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GEOREF RECORD

Pseudoleucite syenites at Loch Borralan, Scotland; petrology and a genetic model

Rebekka Reich, Michael A. W. Marks, Thomas Wenzel and Gregor Markl
Pseudoleucite syenites at Loch Borralan, Scotland; petrology and a genetic model
The Canadian Mineralogist (November 2020) 58 (5): 597-623

Abstract

The alkaline Loch Borralan intrusion (Assynt Region, NW Highlands of Scotland) consists of a composite arrangement of several ultramafic to felsic plutonic rock bodies which were emplaced around 430 Ma into the Moine Thrust Zone during the Caledonian Orogeny. Some of the Loch Borralan rocks are ultrapotassic and contain pseudoleucite, i.e., a pseudomorph of alkali feldspar and nepheline after leucite. In total, 25 samples have been investigated, representing garnet-bearing pseudoleucite syenites and accompanying rock types such as nepheline-garnet-bearing syenites, alkali feldspar syenites, an amphibole syenite, a biotite-clinopyroxene syenite, and calcite-bearing glimmerites. Pseudoleucite is always associated with garnet, biotite, orthoclase, and minor clinopyroxene and titanite. Mineral chemical data indicate rather primitive magma compositions with no major differences between the various investigated main rock units. The abundant occurrence of up to 2 cm large, mostly euhedral pseudoleucite crystals and petrological phase considerations suggest that magmatic leucite physically separated from its host magma as a flotation cumulate. Based on our data and a comparison with previous field-based and experimental work, K-rich basanitic to tephriphonolitic melts that originated from a K-enriched mantle source may be parental to these rocks. The high liquidus temperatures at low pressures (e.g., approximately 1100 degrees C at 1 bar PH2O) required to crystallize leucite could have resulted from the ascent of successive melt batches in a composite intrusion. Later melt batches would increase the temperature in earlier, already partially cooled batches, causing an increase in temperature and a decrease in pressure during ascent. The subsequent decomposition of leucite to pseudoleucite is interpreted to result from either dry breakdown or autometasomatism, i.e., involvement of late-magmatic fluids.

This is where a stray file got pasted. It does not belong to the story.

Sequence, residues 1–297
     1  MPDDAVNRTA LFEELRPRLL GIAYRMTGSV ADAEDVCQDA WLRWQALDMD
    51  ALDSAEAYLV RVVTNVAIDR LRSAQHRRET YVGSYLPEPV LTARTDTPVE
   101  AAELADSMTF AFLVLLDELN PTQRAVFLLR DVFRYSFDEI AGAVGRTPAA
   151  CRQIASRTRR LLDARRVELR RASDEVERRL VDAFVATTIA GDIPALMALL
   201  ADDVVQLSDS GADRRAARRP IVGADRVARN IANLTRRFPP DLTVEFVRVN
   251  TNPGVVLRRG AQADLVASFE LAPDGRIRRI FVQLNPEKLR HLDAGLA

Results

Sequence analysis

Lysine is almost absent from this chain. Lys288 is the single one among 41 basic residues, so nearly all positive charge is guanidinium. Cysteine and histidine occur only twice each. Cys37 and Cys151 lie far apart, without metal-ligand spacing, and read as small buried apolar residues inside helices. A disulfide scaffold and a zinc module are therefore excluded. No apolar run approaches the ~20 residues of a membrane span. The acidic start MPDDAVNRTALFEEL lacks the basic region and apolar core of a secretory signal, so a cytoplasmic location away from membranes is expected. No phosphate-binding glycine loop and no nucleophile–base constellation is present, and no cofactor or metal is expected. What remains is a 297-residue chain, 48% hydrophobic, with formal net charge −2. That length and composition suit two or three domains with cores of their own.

ISSN: 0008-4476
EISSN: 1499-1276
Coden: CAMIA6
Serial Title: The Canadian Mineralogist
Serial Volume: 58
Serial Issue: 5
Title: Pseudoleucite syenites at Loch Borralan, Scotland; petrology and a genetic model
Affiliation: Eberhard Karls University, Department of Geosciences, Tuebingen, Germany
Pages: 597-623
Published: 20201124
Text Language: English
Publisher: Mineralogical Association of Canada, Ottawa, ON, Canada
References: 70
Accession Number: 2021-003297
Categories: Igneous and metamorphic petrology
Document Type: Serial
Bibliographic Level: Analytic
Illustration Description: illus. incl. 11 tables, sketch map
N57°49'60" - N58°30'00", W05°25'00" - W03°34'60"
Country of Publication: Canada
Secondary Affiliation: GeoRef, Copyright 2021, American Geosciences Institute. Abstract, copyright, Mineralogical Association of Canada. Reference includes data from GeoScienceWorld, Alexandria, VA, United States
Update Code: 202103
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